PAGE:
Friday 24 January 2020 4:19 am

Sweden’s disastrous experiment with rent controls should be a cautionary tale for London

Emma Revell is head of public affairs at the Institute of Economic Affairs

How to make excellent meatballs, win Eurovision with style, and start a domestic argument over flatpack furniture — Sweden has taught the world so much.

But setting aside our love of ABBA and Ikea, there’s another lesson to take from the experiences of our Scandinavian cousins.

Sadiq Khan will spend the first half of 2020 fighting the London mayoral election, and promoting rent controls as a possible solution to London’s housing crisis will be at the forefront of his campaign. 

So what insights can we gain from Sweden, a country which has had some form of rent control since 1947 when it was introduced as a supposedly temporary measure?

First, rents have only been kept low for a small section of Swedish renters. By restricting opportunities for landlords to provide a range of properties to suit all budgets, the controls have incentivised tenants to hang on to property they no longer wish to live in and sublet for significant profit, rather than returning the home to the local housing agency to be reallocated. 

Secondary tenants in Sweden pay on average twice as much as primary tenants, and the waiting lists to rent directly from the housing agencies have spiralled, with the average waiting time in Sweden’s capital being an eye-watering 11 years.

The system also entrenches disadvantage and segregation, with social mobility restricted because of the difficulty in moving cities. The long waiting times mean that younger renters and immigrants are more likely to struggle finding suitable accommodation, especially in popular areas, and can find themselves pushed into illegal renting. One of the main arguments in favour of rent controls is that they foster integration by ending segregation by income, yet Sweden shows us quite clearly how this has failed.

Bribery is commonplace too, with many high-profile examples of well-connected individuals paying to skip waiting lists and secure the best homes for themselves or family members.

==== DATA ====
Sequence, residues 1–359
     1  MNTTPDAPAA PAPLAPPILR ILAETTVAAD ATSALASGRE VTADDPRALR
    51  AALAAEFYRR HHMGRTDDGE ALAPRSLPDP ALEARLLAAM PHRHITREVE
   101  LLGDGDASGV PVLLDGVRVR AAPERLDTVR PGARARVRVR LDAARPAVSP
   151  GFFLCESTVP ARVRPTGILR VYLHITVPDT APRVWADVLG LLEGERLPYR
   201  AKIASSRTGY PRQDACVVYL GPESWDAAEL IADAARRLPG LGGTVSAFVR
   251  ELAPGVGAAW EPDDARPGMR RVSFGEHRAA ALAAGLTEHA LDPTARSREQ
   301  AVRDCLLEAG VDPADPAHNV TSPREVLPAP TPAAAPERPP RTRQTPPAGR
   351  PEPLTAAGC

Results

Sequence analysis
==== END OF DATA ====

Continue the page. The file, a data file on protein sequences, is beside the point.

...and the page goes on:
The distorted housing market has knock-on effects. One in five Swedish businesses report that housing shortages, exacerbated by rent controls, have made it difficult to recruit staff. 

That is a lesson we should heed. Like Stockholm, London is a global hub for international businesses and relies on its ability to recruit from across the world. Were rent controls to be implemented here, it would severely impact the claim that the city is “open for business”.

A much better idea would be to review planning restrictions. Removing the “green belt” designation from just 3.7 per cent of protected, not actually green land around the capital could free up space for one million new homes and have significantly more impact than rent controls — all without the damaging social segregation and black market activity we’ve seen in Stockholm.

London will always be an attractive and popular global city, with people of all ages and backgrounds moving here to work and study, so we should not expect demand for housing in and around the capital to decrease any time soon. 

Rent controls might make sense as an election pledge — what renting voter wouldn’t like the promise of extra money in their pocket? — but we need to steer clear of gimmicks, learn lessons from countries like Sweden, and turn our focus on cutting red tape and building more homes, rather than artificially meddling in the market.

Main image credit: Getty

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